Surface 3s purchased before 29 July 2015 come with Windows 8.1 but are upgradeable to Windows 10 for free from that date onwards.[15] Since the Windows 10 release, consumer models of the Surface 3 now ship with Windows 10 Home, unlike the devices of the Surface Pro line, which ship with Windows 10 Pro. Business models of the Surface 3, however, now ship with Windows 10 Pro.[16][15]

Accessories[edit]

The Surface 3, as with its predecessors and Surface devices of a Pro line, features an optional Type Cover accessory — an attachable keyboard, which is also a protective cover for the screen, with an announced price of 129 USD.[17]

The Surface 3 is the first non-Pro Surface to feature a pen digitizer and hence supports the Surface Pen. Unlike Surface Pro 3, however, it is not included in the box, but is available for purchase separately.

Various aftermarket USB or Bluetooth peripheral devices, such as keyboards and mice can be connected to the Surface 3.

Reception[edit]

Surface 3 received generally positive reviews from computer critics. They praised Microsoft's shift from ARM architecture toward x86, and therefore from Windows RT to a regular Windows OS. Most noted a well designed chassis and accessories produced of quality materials, and overall premium feeling of use. While less powerful, the Surface 3 was a lighter and cheaper alternative to the Surface Pro 3. More importantly, the Surface 3 could compete at the high-end of Android and iPad tablets, with the advantage of being a device running a full desktop OS instead of a mobile OS for a similar price.[18] Reviewers also note that 37 GB[3] of the total storage space in the low-end Surface 3 is available to the user, while its close competitor, the low-end iPad Air 2, has only 12.5 GB of user-available storage space for the same price.[12][19]

The most common downsides are relatively low battery life, slower performance compared to devices with Intel Core processors[19][20] and a high price since accessories like Surface Pen and Type Cover are not included.[19][21][18]

Timeline[edit]

Surface HubSurface StudioSurface Book 2Surface BookSurface LaptopSurface Pro (2017)Surface Pro 4Surface Pro 3Surface Pro 2Surface ProSurface GoSurface 3Surface 2Surface (2012 tablet)
Source: Microsoft Devices Blog


References[edit]

  1. ^ Statt, Nick (24 June 2016). "Microsoft to end production on the Surface 3 by late 2016". The Verge. Retrieved 26 June 2017. 
  2. ^ ARK | Intel® Atom™ x7-Z8700 Processor (2M Cache, up to 2.40 GHz). Ark.intel.com. Retrieved on 2015-10-31.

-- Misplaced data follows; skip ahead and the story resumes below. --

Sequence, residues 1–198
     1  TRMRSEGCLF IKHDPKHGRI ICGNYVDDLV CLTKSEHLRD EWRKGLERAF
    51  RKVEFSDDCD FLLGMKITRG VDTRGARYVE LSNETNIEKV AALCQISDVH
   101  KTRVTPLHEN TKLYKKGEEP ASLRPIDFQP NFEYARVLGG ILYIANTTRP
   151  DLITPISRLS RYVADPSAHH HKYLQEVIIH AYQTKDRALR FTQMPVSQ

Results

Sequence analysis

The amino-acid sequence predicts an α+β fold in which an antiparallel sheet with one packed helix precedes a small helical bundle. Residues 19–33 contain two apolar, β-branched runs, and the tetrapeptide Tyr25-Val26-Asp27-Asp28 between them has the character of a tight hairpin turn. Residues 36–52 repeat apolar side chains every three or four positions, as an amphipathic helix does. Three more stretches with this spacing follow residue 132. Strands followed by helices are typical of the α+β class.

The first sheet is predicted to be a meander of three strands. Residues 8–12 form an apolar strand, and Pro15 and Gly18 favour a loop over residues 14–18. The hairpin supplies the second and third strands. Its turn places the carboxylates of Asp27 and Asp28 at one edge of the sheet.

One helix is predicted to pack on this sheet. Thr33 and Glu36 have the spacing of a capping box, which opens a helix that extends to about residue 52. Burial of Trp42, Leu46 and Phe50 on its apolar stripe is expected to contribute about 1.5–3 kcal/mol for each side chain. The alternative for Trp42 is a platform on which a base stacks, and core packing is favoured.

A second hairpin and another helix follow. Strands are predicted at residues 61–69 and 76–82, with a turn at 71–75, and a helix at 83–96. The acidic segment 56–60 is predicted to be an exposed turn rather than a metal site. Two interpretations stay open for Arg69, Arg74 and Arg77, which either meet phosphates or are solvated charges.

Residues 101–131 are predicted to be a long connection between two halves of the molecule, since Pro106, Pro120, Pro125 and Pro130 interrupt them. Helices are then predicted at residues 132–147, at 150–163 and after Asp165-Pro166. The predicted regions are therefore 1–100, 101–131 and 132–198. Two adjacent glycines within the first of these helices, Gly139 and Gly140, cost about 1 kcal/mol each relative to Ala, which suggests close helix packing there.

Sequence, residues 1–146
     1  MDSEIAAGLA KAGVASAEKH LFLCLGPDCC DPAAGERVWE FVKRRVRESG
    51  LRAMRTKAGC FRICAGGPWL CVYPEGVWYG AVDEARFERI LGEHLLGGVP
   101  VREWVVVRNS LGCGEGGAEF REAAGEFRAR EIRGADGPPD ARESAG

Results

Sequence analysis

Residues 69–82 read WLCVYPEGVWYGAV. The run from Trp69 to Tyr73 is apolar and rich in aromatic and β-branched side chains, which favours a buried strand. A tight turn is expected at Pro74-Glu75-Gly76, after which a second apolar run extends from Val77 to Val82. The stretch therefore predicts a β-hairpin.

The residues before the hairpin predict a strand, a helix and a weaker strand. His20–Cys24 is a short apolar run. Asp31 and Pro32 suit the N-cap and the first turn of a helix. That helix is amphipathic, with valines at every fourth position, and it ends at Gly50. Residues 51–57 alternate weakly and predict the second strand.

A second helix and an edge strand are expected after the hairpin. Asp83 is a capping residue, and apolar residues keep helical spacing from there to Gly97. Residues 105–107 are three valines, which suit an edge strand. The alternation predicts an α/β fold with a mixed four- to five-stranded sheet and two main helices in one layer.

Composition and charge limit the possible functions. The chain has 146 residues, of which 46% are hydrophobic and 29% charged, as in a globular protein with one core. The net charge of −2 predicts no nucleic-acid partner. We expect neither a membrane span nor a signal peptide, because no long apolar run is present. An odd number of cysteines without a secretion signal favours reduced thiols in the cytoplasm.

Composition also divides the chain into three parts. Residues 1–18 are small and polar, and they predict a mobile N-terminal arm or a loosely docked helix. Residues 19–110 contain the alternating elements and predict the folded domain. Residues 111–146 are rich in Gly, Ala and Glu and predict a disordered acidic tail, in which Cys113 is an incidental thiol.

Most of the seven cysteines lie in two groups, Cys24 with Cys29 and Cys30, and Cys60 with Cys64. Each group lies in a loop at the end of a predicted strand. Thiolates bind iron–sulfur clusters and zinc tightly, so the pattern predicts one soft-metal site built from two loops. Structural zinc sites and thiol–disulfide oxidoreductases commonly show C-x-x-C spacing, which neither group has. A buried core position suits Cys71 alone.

3. ^ a b "Surface storage". Microsoft.com. Retrieved 21 July 2015. 
  4. ^ "World's Highest Capacity microSD™ Card". SanDisk.com. Retrieved 12 May 2015. 
  5. ^ "Surface Accessories: Tablet Accessories, Keyboards, Cases & More - Microsoft Store". www.microsoftstore.com. Retrieved 26 June 2017. 
  6. ^ "Microsoft's Surface 3 is a $499 tablet that could be a full Windows laptop". The Verge. Retrieved 31 March 2015. 
  7. ^ Keizer, Gregg. "Microsoft's Surface line-up posts 2nd straight profitable quarter". computerworld.com. Retrieved 26 June 2017. 
  8. ^ "Surface Pro 3 Fact Sheet" (PDF). Microsoft. May 2014. Retrieved 2015-12-07. 
  9. ^ Pogue, David (22 May 2014). "Smart, Versatile Surface Pro 3 Can Do It All — Maybe Even Lift the Windows 8 Curse". Yahoo Tech. Yahoo. Archived from the original on 23 May 2014. Retrieved 2014-05-24. 
  10. ^ Bohn, Dieter (23 May 2014). "Microsoft Surface Pro 3 review". The Verge. Vox Media. Retrieved 2014-05-24. 
  11. ^ Eadicicco, Lisa. "POGUE: The Surface Pro 3 Is The One Time Windows 8 Isn't A Disaster". Business Insider. Retrieved 2014-05-24. 
  12. ^ a b Keizer, Gregg (3 April 2015). "Benchmark scores show performance gap between Surface 3 and Surface Pro 3, iPad Air 2". ComputerWorld.com. Retrieved 6 April 2015. 
  13. ^ "Intel Atom x7 microprocessors". CPU-World.com. Archived from the original on 7 April 2015. Retrieved 2 April 2015. 
  14. ^ "Introducing Surface 3". Microsoft.com. Retrieved 2 April 2015. 
  15. ^ a b Panay, Panos (31 March 2015). "Announcing Surface 3". Retrieved 23 July 2015. 
  16. ^ Callaham, John (4 August 2015). "Windows 10 is now pre-installed when you buy Surface 3 and Surface Pro 3 tablets". Windows Central. Mobile Nations. Retrieved 3 December 2015. 
  17. ^ Lendino, Jamie (31 March 2015). "Microsoft unveils $499 Surface 3 tablet running real Windows". Retrieved 2 April 2015. 
  18. ^ a b Hardawar, Devindra (15 April 2015). "Surface 3 review: Finally, a cheap Surface you'd actually want". Engadget.com. Retrieved 8 June 2015. 
  19. ^ a b c Smith, Matt. "The new Surface 3 runs full-blown Windows 8.1 just like its Pro sibling". DigitalTrends.com. Retrieved 8 June 2015. 
  20. ^ Martin, Jim (12 May 2015). "Microsoft Surface 3 review: cheaper but not better than the Surface Pro 3". PCAdvisor.co.uk. Retrieved 12 June 2015. 
  21. ^ Howse, Brett (4 May 2015). "The Surface 3 Review". AnadTech.com. Retrieved 8 June 2015. 

External links[edit]

Preceded by
Surface 2
Surface 3
3rd generation
Succeeded by
Surface Go